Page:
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An Errant EyePoetry and Topography in Early Modern France$
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Tom Conley

Print publication date: 2011

Print ISBN-13: 9780816669646

Published to Minnesota Scholarship Online: August 2015

DOI: 10.5749/minnesota/9780816669646.001.0001

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A Tactile Eye

A Tactile Eye

Chapter:
(p.201) Conclusion: A Tactile Eye
Source:
An Errant Eye
Author(s):

Tom Conley

Publisher:
University of Minnesota Press
DOI:10.5749/minnesota/9780816669646.003.0008

This concluding chapter explains that the authors and works taken in this text have been set under a totem, the snail of the emblem of Gilles Corozzet’s Hécatomgraphie. It emerges from a stony lair as it moves into the landscape in the light of day. Resembling the pupil of an eye, it goes forward with the spiral line of its shell form turns inward, back, and around itself, into what one might imagine to be the “opaque depths of the inner folds” of itself. The snail whose shell casts its gaze looks ahead as it were, with a sense of touch. The chapter describes how the topographical eye exudes strangeness, an alterity at once to itself or its body and to its milieu. The linkage it convokes between itself and the world at large is shown in the division between hearing and seeing and that of being and moving.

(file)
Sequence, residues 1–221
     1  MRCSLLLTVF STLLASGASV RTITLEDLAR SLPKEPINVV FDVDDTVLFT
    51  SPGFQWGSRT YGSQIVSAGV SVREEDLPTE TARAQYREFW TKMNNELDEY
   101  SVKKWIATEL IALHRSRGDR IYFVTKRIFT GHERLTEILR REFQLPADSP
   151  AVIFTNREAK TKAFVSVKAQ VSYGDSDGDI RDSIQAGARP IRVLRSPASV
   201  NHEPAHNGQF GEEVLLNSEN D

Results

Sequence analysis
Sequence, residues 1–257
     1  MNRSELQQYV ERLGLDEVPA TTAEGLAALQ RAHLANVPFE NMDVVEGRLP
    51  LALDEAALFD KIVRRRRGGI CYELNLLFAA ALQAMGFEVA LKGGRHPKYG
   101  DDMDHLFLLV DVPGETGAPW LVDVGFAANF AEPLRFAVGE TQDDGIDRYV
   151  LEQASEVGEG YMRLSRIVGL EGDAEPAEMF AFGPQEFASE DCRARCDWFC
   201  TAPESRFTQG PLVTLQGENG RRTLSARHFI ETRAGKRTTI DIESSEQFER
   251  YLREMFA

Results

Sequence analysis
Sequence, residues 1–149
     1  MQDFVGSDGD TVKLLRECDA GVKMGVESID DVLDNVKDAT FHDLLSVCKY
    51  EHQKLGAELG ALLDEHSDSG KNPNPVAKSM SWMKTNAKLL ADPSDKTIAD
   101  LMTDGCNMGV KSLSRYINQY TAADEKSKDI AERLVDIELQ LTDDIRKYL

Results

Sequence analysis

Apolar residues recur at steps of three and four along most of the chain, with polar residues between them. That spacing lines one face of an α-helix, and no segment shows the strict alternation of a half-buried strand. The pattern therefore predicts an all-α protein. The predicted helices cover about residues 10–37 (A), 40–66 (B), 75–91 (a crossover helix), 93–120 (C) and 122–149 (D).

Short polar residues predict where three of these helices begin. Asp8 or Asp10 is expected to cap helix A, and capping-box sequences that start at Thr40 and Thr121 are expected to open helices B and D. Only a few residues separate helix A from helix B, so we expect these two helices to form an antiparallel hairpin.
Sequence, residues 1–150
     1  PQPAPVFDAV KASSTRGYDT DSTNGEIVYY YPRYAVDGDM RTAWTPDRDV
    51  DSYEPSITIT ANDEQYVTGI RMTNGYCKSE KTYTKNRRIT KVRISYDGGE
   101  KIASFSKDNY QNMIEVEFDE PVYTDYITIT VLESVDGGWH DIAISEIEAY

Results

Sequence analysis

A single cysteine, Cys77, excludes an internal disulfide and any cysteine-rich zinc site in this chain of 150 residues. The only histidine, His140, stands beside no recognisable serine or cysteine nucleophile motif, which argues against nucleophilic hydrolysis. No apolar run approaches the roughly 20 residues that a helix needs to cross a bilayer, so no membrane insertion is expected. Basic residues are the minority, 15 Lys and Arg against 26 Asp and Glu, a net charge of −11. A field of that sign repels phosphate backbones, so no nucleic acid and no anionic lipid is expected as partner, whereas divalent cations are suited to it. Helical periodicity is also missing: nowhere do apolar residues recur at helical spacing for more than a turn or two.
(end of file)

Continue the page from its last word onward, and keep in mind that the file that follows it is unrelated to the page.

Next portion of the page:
Keywords:   Gilles Corrozet, Hécatomgraphie, pupil, snail, topographical eye

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